New Orleans, the city known for originating Jazz music, originally called either Jass or Jizm (this is true) is also known for its colorful Jazz funerals which involve a procession of jazz musicians through the narrow colonial streets of the French Quarter. Normally these funerals offer a light-jaunty accompaniment to the somberness of a funeral. This Thursday, however, a lengthy Free-Jazz Funeral took place. This funeral, in contrast to a normal Jazz funeral, featured thirty-five minute upright bass solos and some guy standing in on a street corner smoking a cigarette, snapping his finger and mumbling Alan Ginsberg’s Howl.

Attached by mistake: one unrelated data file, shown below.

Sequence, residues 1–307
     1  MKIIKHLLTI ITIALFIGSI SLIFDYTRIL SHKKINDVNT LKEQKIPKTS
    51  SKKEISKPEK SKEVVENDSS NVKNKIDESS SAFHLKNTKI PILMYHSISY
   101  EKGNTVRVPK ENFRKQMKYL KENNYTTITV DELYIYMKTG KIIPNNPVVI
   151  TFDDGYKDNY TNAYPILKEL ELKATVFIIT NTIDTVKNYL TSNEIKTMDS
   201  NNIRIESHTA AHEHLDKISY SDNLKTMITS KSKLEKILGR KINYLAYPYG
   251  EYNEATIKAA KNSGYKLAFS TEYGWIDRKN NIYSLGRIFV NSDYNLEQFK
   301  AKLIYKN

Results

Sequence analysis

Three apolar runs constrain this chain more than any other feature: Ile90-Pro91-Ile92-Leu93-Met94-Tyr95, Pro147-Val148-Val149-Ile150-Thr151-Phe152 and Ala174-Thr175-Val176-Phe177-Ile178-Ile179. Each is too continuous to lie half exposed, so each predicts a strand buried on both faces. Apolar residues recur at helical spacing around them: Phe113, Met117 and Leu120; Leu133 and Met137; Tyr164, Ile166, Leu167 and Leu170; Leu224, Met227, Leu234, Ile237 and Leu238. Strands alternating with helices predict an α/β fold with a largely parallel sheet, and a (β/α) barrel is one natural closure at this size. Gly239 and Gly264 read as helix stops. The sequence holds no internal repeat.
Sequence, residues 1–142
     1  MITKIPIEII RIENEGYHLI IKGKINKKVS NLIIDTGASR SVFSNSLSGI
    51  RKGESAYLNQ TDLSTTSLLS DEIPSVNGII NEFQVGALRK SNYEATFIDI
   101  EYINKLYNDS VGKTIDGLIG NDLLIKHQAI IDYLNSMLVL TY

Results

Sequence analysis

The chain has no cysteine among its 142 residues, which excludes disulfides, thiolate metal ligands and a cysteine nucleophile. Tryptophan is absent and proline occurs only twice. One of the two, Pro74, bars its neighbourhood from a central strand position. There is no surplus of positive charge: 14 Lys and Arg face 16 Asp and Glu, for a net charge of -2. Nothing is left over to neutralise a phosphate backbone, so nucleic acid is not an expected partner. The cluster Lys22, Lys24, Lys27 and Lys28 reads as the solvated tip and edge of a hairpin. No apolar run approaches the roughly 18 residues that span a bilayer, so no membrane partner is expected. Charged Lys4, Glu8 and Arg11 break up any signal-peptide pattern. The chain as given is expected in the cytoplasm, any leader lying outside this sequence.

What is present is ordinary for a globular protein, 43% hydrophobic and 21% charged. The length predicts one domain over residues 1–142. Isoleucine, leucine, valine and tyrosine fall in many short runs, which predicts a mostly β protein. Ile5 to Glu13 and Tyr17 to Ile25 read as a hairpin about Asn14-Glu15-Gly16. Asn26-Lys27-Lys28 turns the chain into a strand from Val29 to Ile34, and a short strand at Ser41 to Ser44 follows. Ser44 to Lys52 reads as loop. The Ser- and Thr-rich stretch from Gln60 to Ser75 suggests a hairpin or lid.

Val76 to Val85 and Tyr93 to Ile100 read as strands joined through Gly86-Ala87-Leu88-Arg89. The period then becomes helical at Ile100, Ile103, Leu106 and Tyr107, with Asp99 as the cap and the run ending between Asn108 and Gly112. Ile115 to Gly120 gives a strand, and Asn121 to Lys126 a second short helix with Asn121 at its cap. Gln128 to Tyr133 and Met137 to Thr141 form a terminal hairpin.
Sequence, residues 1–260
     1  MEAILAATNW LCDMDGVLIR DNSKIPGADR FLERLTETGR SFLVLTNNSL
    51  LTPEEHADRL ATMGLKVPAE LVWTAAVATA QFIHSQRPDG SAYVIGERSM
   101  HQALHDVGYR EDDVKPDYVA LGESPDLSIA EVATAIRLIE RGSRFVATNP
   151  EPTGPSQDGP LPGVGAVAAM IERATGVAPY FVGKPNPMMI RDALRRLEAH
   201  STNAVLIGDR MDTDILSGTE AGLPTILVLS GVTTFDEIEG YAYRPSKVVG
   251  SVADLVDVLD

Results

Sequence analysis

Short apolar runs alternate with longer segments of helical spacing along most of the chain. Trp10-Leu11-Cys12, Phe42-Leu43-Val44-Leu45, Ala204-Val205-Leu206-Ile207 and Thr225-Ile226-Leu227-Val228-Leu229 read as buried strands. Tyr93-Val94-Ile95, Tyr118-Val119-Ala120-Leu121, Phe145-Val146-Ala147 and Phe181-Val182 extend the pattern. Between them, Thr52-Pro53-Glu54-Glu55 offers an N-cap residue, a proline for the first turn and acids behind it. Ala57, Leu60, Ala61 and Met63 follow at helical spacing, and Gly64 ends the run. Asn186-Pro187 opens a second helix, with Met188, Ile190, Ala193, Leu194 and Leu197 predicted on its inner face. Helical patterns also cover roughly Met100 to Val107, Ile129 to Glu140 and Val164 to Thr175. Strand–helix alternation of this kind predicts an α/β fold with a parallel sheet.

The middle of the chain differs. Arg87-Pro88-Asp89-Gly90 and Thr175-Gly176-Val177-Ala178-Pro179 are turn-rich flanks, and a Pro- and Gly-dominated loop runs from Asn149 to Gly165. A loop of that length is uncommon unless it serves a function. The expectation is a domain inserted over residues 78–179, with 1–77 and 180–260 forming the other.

By the funeral’s fifteenth hour, a rogue trumpetist had started making repeated beeping noises and weeping onto an impressionist canvas, everyone having long forgotten who the funeral was for or why they were there.